Minoxidil, known commonly by the brand name Rogaine®, is one of the most common non-surgical methods of hair loss treatment. In 2010, the product grossed more than $160 million worldwide (i). With 26 clinical trials supporting the topical foam’s ability to stop hair loss, it’s easy to see why men and women from around the globe embrace the highly effective treatment. Unfortunately, many customers might not be getting the most bang for their buck.
According to a new study published by the University of British Columbia, patients who take aspirin along with Rogaine® might significantly reduce the functionality of the popular hair loss product. Most at risk are individuals who take daily doses of aspirin to treat symptoms of pain, or as a preventative measure against heart disease.
To better understand this interesting phenomenon, it’s vital to first learn how Rogaine® acts as a hair loss treatment. Though it is still unclear exactly how the topical foam works, researchers believe the effectiveness of Rogaine® is derived from its ability to stimulate the production of an important enzyme: Cyclooxygenase1, or COX-1.
Studies have shown that levels of COX-1 correlate with high levels of an essential lipid called prostaglandin E2, or simply PGE2 for short. Given this well documented relationship, researchers believe that Rogaine® causes a chain reaction that stimulates COX-1 production and, as a result, increased levels of PGE2. In turn, PGE2 helps to nourish the hair follicles, keeping them healthy and capable of sustaining a natural hair growth cycle. By the same token, low levels of PGE2 are associated with general dysfunction among hair follicles. Hair follicles appear to lose their ability to sustain natural hair growth as PGE2 levels fall, causing pattern baldness in men and women.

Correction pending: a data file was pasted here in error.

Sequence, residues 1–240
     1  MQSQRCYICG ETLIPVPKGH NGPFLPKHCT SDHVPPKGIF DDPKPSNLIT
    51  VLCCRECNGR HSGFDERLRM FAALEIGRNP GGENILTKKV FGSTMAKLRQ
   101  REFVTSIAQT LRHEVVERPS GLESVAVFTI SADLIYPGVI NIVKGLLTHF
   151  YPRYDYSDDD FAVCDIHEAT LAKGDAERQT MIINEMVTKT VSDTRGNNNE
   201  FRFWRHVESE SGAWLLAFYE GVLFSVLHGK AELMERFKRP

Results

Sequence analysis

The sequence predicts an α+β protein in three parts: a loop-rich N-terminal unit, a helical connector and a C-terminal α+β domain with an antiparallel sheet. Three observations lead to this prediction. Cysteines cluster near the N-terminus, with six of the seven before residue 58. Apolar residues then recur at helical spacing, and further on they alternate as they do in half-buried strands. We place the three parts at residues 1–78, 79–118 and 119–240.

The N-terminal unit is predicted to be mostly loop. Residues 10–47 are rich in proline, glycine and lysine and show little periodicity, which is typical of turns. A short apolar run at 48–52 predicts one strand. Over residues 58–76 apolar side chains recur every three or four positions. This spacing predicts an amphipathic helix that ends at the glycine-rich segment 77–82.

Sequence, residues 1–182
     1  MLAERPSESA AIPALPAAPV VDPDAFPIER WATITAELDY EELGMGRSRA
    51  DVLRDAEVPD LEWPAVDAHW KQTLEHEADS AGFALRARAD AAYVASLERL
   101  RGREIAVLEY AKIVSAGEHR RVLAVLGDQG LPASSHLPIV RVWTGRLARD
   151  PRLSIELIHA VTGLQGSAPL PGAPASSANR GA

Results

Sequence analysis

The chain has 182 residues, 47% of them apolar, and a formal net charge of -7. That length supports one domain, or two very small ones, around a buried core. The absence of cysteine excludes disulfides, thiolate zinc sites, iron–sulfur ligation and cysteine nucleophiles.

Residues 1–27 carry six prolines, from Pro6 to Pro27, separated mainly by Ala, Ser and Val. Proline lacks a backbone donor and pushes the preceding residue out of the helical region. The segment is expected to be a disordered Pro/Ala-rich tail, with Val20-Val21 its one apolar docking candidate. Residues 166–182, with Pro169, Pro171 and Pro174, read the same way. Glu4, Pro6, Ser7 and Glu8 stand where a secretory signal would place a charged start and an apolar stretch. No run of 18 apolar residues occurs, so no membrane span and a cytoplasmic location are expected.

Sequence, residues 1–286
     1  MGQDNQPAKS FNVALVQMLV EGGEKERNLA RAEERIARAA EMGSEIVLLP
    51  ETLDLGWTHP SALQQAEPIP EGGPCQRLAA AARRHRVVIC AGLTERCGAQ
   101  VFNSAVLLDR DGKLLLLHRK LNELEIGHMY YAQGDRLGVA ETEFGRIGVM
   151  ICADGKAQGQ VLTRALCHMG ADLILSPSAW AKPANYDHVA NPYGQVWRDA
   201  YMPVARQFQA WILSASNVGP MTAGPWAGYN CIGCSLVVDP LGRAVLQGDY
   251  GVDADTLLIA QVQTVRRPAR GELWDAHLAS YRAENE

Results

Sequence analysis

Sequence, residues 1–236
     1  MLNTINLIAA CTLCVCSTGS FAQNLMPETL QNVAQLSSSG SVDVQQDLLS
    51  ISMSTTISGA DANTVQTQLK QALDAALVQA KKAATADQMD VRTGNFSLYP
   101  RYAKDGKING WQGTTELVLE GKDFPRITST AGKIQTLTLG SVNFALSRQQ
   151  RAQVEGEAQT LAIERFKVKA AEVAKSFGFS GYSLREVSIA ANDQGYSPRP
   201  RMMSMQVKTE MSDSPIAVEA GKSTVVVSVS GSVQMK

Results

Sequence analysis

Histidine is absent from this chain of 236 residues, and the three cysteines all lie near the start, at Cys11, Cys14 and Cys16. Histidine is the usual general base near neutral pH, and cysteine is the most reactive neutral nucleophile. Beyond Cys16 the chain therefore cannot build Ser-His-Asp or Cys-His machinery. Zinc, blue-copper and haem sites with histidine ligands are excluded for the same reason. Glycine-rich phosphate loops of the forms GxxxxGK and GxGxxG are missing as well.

To summarize, men and women who suffer with hair loss have relatively low levels of the enzyme COX-1. Rogaine® appears to stimulate COX-1, however, which corresponds with higher PGE2 levels, healthier hair follicles, and natural hair growth. Unfortunately, researchers have found that the popular anti-inflammatory medicine, aspirin, might undermine this delicate and complex relationship.
In a study published by the Department of Dermatology and Skin Science at the University of British Columbia, scientists note that aspirin seems to inhibit the production of the COX-1 enzyme (ii). In turn, PGE2 levels fall and individuals become susceptible to hair follicle miniaturization and pattern baldness.
In this way, patients who take daily doses of both aspirin and Rogaine® might actually be taking one step forward and one step backward, ending right where they started. As Rogaine® seeks to stimulate COX-1 production to reduce hair loss, aspirin disables COX-1 in virtue of being an anti-inflammatory medicine.
In the wake of this new study, scientists and hair loss professionals recommend that patients who take both Rogaine® and aspirin consider making a change to their regimen or lifestyle. Those who take aspirin every day to reduce the chances of developing heart disease, for example, are encouraged to stop taking aspirin and engage in at least 60 minutes of cumulative cardiovascular exercise each day, along with a healthy diet. Alternatively, individuals may choose to continue taking daily doses of aspiring but discontinue the use of Rogaine®, opting instead for a surgical procedure to permanently restore natural hair to areas of balding scalp.
(i) “Rogaine/Regaine.” Evaluate Group. URL: http://www.evaluategroup.com/Universal/View.aspx?type=Entity&entityType=Product&id=13522&lType=modData&componentID=1002
(ii) A Monselise, G Leung, K Fraser, J Shapiro & KJ McElwee. “Aspirin inhibits minoxidil-induced proliferation of human keratinocytes.” Dermatology and Skin Science, University of British Columbia.
(iii) “Take Rogaine® or Aspirin, Never Both.” Hair Transplant Institute Miami. Published 24 June 2013. URL: http://blog.miamihair.com/hair-loss-research/take-rogaine-or-aspirin-never-both.html